Coeliac disease, also known as coeliac sprue or gluten-sensitive enteropathy, is a permanent intestinal intolerance to gluten – a protein found in wheat, rye, barley, and oats. In these patients, gluten in the small bowel is enzymatically altered by tissue transglutaminase, which causes the immune system to cross react with the small bowel lining, causing inflammatory modification of the digestive barrier, characteristically flattening intestinal villi, alternating mucosal crypts, and recruiting immune cells (lymphocytes). This alteration to gut epitheleal architecture interferes with the absorption of dietary nutrients. Coeliacs malabsorption is also associated with small intestinal bacterial overgrowth (SIBO) and lactose intolerance, contributing to symptoms of fatigue and abdominal bloating and pain. Also, fat malabsorption causes the characteristic steatorrhoea of coeliacs disease, with foul, clay-coloured floating stools, often with diarrhoea.
Cause / Risk Factors
- Occurs in genetically predisposed patients, with as many as 10% of first –degree relatives affected.
- Common with Western European ancestry, rare in Asians and Africans
- Incidence peaks 8-12 months and 3rd -4th decade
- Incidence of coeliac disease is slightly higher in females than in males
Symptoms & Signs
- Chronic diarrhoea
- Steatorrhea (Clay-coloured floating stools)
- Abdominal bloating or cramps
- Weight loss
- Bleeding diathesis.
- Seizure disorders
- Stunted growth and failure to thrive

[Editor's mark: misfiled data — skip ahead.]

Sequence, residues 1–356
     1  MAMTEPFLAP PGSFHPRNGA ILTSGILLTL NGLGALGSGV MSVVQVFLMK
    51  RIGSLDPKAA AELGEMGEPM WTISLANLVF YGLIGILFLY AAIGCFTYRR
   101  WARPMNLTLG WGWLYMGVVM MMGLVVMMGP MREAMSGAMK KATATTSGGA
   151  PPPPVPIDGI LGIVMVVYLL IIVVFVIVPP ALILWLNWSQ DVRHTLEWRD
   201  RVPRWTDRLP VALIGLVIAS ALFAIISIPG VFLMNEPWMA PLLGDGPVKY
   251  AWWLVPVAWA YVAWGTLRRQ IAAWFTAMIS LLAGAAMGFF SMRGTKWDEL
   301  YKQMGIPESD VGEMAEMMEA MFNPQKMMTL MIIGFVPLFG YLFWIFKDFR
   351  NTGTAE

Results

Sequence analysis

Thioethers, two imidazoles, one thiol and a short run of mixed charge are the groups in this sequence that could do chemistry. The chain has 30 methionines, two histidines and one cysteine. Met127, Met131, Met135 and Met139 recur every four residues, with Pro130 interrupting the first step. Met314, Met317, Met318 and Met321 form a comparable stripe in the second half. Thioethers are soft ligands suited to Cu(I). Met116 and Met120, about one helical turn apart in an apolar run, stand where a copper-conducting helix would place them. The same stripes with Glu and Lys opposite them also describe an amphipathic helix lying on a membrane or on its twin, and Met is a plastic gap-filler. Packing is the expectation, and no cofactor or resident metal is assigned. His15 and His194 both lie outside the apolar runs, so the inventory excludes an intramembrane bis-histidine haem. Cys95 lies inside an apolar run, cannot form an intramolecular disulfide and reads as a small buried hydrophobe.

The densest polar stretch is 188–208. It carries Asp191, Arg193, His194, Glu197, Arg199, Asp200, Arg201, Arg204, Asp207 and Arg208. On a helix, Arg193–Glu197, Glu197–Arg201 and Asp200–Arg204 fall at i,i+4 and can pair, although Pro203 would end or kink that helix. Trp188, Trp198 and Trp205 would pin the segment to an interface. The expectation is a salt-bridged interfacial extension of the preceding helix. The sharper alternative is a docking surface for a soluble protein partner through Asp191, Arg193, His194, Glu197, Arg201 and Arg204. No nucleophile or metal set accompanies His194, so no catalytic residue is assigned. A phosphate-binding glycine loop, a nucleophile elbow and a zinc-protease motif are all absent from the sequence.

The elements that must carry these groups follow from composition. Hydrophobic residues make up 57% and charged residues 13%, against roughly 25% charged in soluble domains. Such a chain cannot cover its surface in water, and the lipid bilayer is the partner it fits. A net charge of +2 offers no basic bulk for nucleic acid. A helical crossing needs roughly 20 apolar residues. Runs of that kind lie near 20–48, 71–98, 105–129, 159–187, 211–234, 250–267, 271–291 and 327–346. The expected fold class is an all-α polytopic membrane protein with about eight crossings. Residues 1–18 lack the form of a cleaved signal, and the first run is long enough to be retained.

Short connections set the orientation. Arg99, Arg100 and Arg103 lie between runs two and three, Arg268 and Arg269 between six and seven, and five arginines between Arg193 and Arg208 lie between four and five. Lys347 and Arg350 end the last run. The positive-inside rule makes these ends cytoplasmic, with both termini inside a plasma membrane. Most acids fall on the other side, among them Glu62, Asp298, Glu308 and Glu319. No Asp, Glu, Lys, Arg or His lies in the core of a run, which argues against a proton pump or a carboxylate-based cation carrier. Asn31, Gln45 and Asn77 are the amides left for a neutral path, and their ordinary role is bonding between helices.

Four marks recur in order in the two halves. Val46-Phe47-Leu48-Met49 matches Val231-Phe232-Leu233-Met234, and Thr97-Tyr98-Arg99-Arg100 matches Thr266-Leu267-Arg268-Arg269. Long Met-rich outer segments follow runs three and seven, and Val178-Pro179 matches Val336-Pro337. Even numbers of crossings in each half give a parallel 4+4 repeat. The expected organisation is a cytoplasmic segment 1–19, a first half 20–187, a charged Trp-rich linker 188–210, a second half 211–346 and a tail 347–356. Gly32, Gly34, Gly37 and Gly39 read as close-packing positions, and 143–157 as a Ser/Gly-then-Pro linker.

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Diet and Lifestyle
- Eliminate all gluten sources from the diet. This includes wheat, rye, barley and oat products. Gluten-free grains such as corn and rice are acceptable.
- An elimination/challenge trial may be helpful in uncovering other food sensitivities. Remove suspected allergens from the diet for two weeks. Re-introduce foods at the rate of one food every three days. Watch for reactions which may include gastrointestinal upset, mood changes, headaches, and exacerbation of symptoms. Do not perform a challenge if there is history of anaphylaxis.
- Consider a grain-free diet
- Reduce pro-inflammatory foods in the diet including refined foods, and sugar.
- Increase intake of fresh vegetables and fruits, protein, and essential fatty acids (cold-water fish, nuts, and seeds).
Full Blood count – Anaemia may result from iron, folate and B12 malabsorption. Low serum iron is common.
Immunoglobulins – Transglutaminase (endomysial) antibodies are more sensitive and specific for coeliac disease than are gliadin antibodies. Immunoglobulins G, A, M.
Small bowel biopsy- Coeliac disease primarily involves the mucosa of the small intestine. The submucosa, muscularis, and serosa are usually not involved. The villi are atrophic or absent, and crypts are elongated. The cellularity of the lamina propria is increased with a proliferation of plasma cells and lymphocytes. The number of intraepithelial lymphocytes per unit length of absorptive epithelium is increased.
Stool sample – The typical bulky, greasy appearance and rancid odour of stools often suggest malabsorption of fat.
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